Jobless claims rose to a six-month high in the past week with an increase of 66,000 applications. This takes claims to the seasonally adjusted 370,000. Is this a sign of a faltering job market? Much of it is actually the result of a computer glitch in California's systems that created a backlog of claims. Some of the new unemployment applications also come from contractors laid off in the wake of the government shutdown.
As NBC News reports, the US Labor Department says this is the highest number of unemployment claims seen since late March. They say California's transition to an upgraded computer system lead to unintended technical problems.
At least 15,000 of the 66,000 jobless claims come from contractors affected by the current government shutdown, now in its second week. Federal workers are also able to apply for unemployment, however those numbers won't come out until next week. According to NBC News, claims numbers are the only reports being put out during the government closure.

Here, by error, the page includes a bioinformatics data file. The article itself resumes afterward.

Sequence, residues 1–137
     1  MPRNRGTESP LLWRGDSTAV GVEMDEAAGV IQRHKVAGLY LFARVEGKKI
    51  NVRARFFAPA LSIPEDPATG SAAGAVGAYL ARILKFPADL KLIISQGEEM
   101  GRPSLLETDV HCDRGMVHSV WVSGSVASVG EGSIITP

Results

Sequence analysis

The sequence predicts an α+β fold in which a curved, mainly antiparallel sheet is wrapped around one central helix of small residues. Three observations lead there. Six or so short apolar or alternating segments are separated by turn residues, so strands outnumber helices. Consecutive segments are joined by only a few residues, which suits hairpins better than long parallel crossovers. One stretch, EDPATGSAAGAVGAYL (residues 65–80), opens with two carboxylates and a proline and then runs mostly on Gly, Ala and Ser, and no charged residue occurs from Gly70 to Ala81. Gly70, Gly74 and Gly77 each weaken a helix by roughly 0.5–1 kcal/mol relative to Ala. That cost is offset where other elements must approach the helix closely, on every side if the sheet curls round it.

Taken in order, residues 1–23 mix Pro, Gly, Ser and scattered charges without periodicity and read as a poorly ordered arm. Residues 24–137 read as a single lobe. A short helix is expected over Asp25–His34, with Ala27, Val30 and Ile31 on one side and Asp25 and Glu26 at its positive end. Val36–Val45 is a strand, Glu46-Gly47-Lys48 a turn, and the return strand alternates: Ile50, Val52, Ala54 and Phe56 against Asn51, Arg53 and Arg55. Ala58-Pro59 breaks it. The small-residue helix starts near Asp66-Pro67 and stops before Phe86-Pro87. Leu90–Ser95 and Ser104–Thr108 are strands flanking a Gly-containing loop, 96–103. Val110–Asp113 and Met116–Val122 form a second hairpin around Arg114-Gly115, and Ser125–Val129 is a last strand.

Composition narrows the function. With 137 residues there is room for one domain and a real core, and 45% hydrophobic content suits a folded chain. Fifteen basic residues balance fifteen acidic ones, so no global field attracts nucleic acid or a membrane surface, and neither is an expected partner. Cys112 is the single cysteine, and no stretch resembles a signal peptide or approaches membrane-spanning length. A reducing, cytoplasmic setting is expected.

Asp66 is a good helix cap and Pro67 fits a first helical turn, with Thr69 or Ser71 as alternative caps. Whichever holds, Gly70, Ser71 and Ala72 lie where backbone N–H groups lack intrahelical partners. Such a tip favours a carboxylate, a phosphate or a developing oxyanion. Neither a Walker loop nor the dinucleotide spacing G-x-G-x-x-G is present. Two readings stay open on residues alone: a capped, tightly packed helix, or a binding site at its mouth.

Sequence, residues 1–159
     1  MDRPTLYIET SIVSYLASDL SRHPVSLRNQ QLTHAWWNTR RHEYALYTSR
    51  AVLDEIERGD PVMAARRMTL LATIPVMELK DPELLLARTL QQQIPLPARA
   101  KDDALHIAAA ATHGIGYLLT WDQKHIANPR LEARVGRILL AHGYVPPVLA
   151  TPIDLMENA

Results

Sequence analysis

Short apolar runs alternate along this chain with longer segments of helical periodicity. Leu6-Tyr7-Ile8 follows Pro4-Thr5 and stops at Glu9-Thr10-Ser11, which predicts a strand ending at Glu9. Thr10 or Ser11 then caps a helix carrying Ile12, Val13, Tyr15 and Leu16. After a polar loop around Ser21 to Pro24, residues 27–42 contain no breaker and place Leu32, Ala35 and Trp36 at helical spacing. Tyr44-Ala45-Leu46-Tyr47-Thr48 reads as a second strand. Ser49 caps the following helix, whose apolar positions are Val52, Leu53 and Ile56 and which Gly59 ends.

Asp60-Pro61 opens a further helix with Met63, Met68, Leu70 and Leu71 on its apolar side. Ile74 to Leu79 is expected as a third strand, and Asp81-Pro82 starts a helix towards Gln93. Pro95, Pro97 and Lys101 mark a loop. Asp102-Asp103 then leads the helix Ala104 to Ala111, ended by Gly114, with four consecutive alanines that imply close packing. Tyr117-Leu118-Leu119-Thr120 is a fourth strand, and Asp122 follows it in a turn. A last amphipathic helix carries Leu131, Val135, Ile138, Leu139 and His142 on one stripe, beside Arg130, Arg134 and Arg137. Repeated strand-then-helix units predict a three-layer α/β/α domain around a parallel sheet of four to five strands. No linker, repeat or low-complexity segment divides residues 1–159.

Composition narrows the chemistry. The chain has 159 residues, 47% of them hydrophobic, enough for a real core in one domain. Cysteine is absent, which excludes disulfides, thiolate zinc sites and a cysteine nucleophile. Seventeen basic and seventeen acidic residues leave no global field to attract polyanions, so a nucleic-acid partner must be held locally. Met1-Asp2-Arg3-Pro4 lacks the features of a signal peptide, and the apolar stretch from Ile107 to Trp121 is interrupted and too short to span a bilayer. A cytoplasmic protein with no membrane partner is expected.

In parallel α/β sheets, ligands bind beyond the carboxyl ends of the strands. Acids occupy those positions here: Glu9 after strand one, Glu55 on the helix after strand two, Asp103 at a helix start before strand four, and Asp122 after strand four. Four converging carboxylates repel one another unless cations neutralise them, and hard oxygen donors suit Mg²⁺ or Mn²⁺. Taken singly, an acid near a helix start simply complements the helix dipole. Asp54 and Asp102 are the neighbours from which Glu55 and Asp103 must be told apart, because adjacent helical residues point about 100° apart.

This recent spike is not cause for alarm, glitch or not. Before the sudden rise, the Labor Department says unemployment claims fell to the lowest rates in more than six years, reports USA Today. However if the US Congress is unable to come to an agreement that ends the continuing shutdown, there could very well be more government contractors forced to lay staff off. Federal employees requesting unemployment will also likely grow as the shutdown stretches on. Economic advisers for the White House are watching these numbers as an indication of how employers are responding to the standoff in Washington.
Polled economists say they were expecting unemployment applications to rise to 325,000 last week. Adjusting for California's computer glitches, this number was an otherwise accurate prediction. Though jobless claims spiked in the past week, application numbers are expected to return to lower levels in the coming weeks.
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